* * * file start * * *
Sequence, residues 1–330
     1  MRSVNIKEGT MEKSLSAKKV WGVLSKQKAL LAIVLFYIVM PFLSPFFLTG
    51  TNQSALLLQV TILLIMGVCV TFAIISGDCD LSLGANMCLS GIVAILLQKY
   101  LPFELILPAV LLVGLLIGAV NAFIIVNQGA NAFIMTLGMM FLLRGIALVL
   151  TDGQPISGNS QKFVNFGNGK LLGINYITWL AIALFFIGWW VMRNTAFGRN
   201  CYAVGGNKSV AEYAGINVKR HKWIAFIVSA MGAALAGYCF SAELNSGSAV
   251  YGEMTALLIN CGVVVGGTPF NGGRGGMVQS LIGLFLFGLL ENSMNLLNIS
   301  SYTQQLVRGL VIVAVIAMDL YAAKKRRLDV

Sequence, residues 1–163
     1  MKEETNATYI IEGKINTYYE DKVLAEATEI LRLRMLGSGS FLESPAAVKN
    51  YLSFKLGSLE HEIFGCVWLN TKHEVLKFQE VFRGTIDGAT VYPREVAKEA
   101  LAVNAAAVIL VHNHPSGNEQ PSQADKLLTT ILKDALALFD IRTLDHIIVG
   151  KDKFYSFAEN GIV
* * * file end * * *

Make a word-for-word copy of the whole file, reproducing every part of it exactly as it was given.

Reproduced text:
Sequence, residues 1–330
     1  MRSVNIKEGT MEKSLSAKKV WGVLSKQKAL LAIVLFYIVM PFLSPFFLTG
    51  TNQSALLLQV TILLIMGVCV TFAIISGDCD LSLGANMCLS GIVAILLQKY
   101  LPFELILPAV LLVGLLIGAV NAFIIVNQGA NAFIMTLGMM FLLRGIALVL
   151  TDGQPISGNS QKFVNFGNGK LLGINYITWL AIALFFIGWW VMRNTAFGRN
   201  CYAVGGNKSV AEYAGINVKR HKWIAFIVSA MGAALAGYCF SAELNSGSAV
   251  YGEMTALLIN CGVVVGGTPF NGGRGGMVQS LIGLFLFGLL ENSMNLLNIS
   301  SYTQQLVRGL VIVAVIAMDL YAAKKRRLDV

Sequence, residues 1–163
     1  MKEETNATYI IEGKINTYYE DKVLAEATEI LRLRMLGSGS FLESPAAVKN
    51  YLSFKLGSLE HEIFGCVWLN TKHEVLKFQE VFRGTIDGAT VYPREVAKEA
   101  LAVNAAAVIL VHNHPSGNEQ PSQADKLLTT ILKDALALFD IRTLDHIIVG
   151  KDKFYSFAEN GIV